Thirteen-lined ground squirrel

From Wikipedia, the free encyclopedia
Jump to navigation Jump to search

Thirteen-lined ground squirrel
Thirteen-lined ground squirrel.jpg
Scientific classification edit
Kingdom: Animalia
Phylum: Chordata
Class: Mammalia
Order: Rodentia
Family: Sciuridae
Genus: Ictidomys
I. tridecemlineatus
Binomial name
Ictidomys tridecemlineatus
(Mitchill, 1821)
Ictidomys tridecemlineatus distribution map.png

Spermophilus tridecemlineatus

The thirteen-lined ground squirrel (Ictidomys tridecemlineatus), also known as the striped gopher, leopard ground squirrel, squinney, (formerly known as the leopard-spermophile in the age of Audubon), is a ground squirrel that is widely distributed over grasslands and prairies of North America.


The animal is well camouflaged and frequently stands to keep watch.

It is brownish, with 13 alternating brown and whitish longitudinal lines (sometimes partially broken into spots) on its back and sides, creating rows of whitish spots within dark lines.

Biological statistics
Length 6¾–11⅝ inches (170–297 mm)
Tail 2⅜–5¼ inches (60–132 mm)
Head 1–1⅝ inches (27–41 mm)
Weight 3⅞–9½ oz (110–270 g)


This species has usually been placed in the genus Spermophilus with about 40 other species. As this large genus is paraphyletic to prairie dogs, marmots, and antelope squirrels, Kristofer Helgen and colleagues have split it into eight genera, placing the thirteen-lined ground squirrel in Ictidomys with two other species.[2]


The thirteen-lined ground squirrel is strictly diurnal and is especially active on warm days. A solitary or only somewhat colonial hibernator, it often occurs in aggregations in suitable habitats.

In late summer, it puts on a heavy layer of fat and stores some food in its burrow. It enters its nest in October (some adults retire much earlier), rolls into a stiff ball, and decreases its respiration from between 100 and 200 breaths per minute to one breath about every five minutes. It emerges in March or early April.

The burrow may be 15 to 20 feet (4.6 to 6.1 metres) long, with several side passages. Most of the burrow is within one to two feet (about half a meter) of the surface, with only the hibernation nest in a special deeper section. Shorter burrows are dug as hiding places. This ground squirrel's home range is two to three acres (0.8 to 1.2 ha).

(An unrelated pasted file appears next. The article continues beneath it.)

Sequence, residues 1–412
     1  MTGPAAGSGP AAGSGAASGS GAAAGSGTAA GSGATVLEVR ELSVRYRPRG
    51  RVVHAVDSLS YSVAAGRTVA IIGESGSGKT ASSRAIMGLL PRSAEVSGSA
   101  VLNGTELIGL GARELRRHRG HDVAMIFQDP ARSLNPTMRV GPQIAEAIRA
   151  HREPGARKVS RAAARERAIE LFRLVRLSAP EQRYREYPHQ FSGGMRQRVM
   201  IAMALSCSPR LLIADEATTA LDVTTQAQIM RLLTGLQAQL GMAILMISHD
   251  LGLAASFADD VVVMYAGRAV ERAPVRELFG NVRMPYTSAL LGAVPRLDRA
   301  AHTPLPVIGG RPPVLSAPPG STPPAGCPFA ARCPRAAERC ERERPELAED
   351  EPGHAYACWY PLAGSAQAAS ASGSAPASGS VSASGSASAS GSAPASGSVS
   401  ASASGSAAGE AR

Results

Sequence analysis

Late in life, naturalist John James Audubon made a final expedition to the western plains in search of four-footed mammals. These striped ground squirrels would be tempting prey for many birds, especially hawks and owls. After the squirrels had left, burrowing owls might take over their underground dens.

Its primary diet includes grass and weed seeds, caterpillars, grasshoppers, and crickets, but it may also eat mice and shrews; it will viciously attack and consume cicadas if able to catch them. This squirrel sometimes damages gardens by digging burrows and eating vegetables, but also devours weed seeds and harmful insects.

It is well known for standing upright to survey its domain, diving down into its burrow when it senses danger, then sometimes poking out its nose and giving a bird-like trill. The "trill" is an alarm call that is most often used by females to warn nearby relatives.[3] It has a maximum running speed of 8 mph (13 km/h) and reverses direction if chased.[citation needed]


Thirteen-lined ground squirrels can survive in hibernation for over six months without food or water and special physiological adaptations allow them to do so.[4] During torpor, these squirrels maintain hydration by redistributing and storing osmolytes like sodium, glucose, and blood urea nitrogen in different body compartments (to be identified).[4] When they enter a transient active-like state, small periods of arousal where these squirrels return to an active-like state temporarily, osmolarity and antidiuretic hormone levels rise while thirst remains suppressed. [4] Thirteen-lined ground squirrels also suppress the cell cycle and control the expression of cell cycle regulators in the liver during hibernation to conserve energy.[5] During their active-like state, they are able to resume their cell cycle.[5]

See also[edit]


  1. ^ Cassola, F. (2016). "Ictidomys tridecemlineatus". IUCN Red List of Threatened Species. 2016: e.T42564A22263122. doi:10.2305/IUCN.UK.2016-3.RLTS.T42564A22263122.en. Retrieved 13 November 2021.
  2. ^ Helgen, Kristofer M.; Cole, F. Russel; Helgen, Lauren E. & Wilson, Don E (2009). "Generic Revision in the Holarctic Ground Squirrel Genus Spermophilus". Journal of Mammalogy. 90 (2): 270–305. doi:10.1644/07-MAMM-A-309.1.
  3. ^ Schwagmeyer, P. L. (1980). "Alarm Calling Behavior of the Thirteen-Lined Ground Squirrel, Spermophilus tridecemlineatus". Behavioral Ecology and Sociobiology. 7 (3): 195–200. doi:10.1007/BF00299364. hdl:2027.42/46905. JSTOR 4599327. S2CID 23619096.
  4. ^ a b c Feng, Ni Y.; Junkins, Madeleine S.; Merriman, Dana K.; Bagriantsev, Sviatoslav N.; Gracheva, Elena O. (2019-09-23). "Osmolyte Depletion and Thirst Suppression Allow Hibernators to Survive for Months without Water". Current Biology. 29 (18): 3053–3058.e3. doi:10.1016/j.cub.2019.07.038. ISSN 0960-9822. PMC 6759396. PMID 31495581.
  5. ^ a b Wu, Cheng-Wei; Storey, Kenneth B. (2012-05-01). "Pattern of cellular quiescence over the hibernation cycle in liver of thirteen-lined ground squirrels". Cell Cycle. 11 (9): 1714–1726. doi:10.4161/cc.19799. ISSN 1538-4101. PMID 22510572.

External links[edit]